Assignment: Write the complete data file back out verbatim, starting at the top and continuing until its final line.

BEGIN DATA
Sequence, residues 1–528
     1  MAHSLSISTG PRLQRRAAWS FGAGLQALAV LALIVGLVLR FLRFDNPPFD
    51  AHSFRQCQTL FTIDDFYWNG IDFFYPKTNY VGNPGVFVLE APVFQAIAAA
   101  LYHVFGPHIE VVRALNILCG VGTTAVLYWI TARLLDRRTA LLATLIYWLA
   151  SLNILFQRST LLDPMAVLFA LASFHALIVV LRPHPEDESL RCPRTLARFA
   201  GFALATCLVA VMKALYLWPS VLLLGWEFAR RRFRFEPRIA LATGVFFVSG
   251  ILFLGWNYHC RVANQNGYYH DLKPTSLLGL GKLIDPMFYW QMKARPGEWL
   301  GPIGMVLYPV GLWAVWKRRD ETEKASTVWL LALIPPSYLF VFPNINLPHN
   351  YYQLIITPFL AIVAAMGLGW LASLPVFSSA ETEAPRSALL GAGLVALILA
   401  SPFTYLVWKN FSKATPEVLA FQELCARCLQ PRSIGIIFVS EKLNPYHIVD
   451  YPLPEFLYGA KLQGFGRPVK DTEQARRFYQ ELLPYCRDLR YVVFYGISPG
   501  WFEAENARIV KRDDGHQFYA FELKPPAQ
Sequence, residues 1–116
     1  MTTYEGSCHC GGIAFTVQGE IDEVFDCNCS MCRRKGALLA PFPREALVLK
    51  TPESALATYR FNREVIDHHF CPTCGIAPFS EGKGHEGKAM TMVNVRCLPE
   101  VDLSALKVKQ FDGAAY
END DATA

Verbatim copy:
Sequence, residues 1–528
     1  MAHSLSISTG PRLQRRAAWS FGAGLQALAV LALIVGLVLR FLRFDNPPFD
    51  AHSFRQCQTL FTIDDFYWNG IDFFYPKTNY VGNPGVFVLE APVFQAIAAA
   101  LYHVFGPHIE VVRALNILCG VGTTAVLYWI TARLLDRRTA LLATLIYWLA
   151  SLNILFQRST LLDPMAVLFA LASFHALIVV LRPHPEDESL RCPRTLARFA
   201  GFALATCLVA VMKALYLWPS VLLLGWEFAR RRFRFEPRIA LATGVFFVSG
   251  ILFLGWNYHC RVANQNGYYH DLKPTSLLGL GKLIDPMFYW QMKARPGEWL
   301  GPIGMVLYPV GLWAVWKRRD ETEKASTVWL LALIPPSYLF VFPNINLPHN
   351  YYQLIITPFL AIVAAMGLGW LASLPVFSSA ETEAPRSALL GAGLVALILA
   401  SPFTYLVWKN FSKATPEVLA FQELCARCLQ PRSIGIIFVS EKLNPYHIVD
   451  YPLPEFLYGA KLQGFGRPVK DTEQARRFYQ ELLPYCRDLR YVVFYGISPG
   501  WFEAENARIV KRDDGHQFYA FELKPPAQ
Sequence, residues 1–116
     1  MTTYEGSCHC GGIAFTVQGE IDEVFDCNCS MCRRKGALLA PFPREALVLK
    51  TPESALATYR FNREVIDHHF CPTCGIAPFS EGKGHEGKAM TMVNVRCLPE
   101  VDLSALKVKQ FDGAAY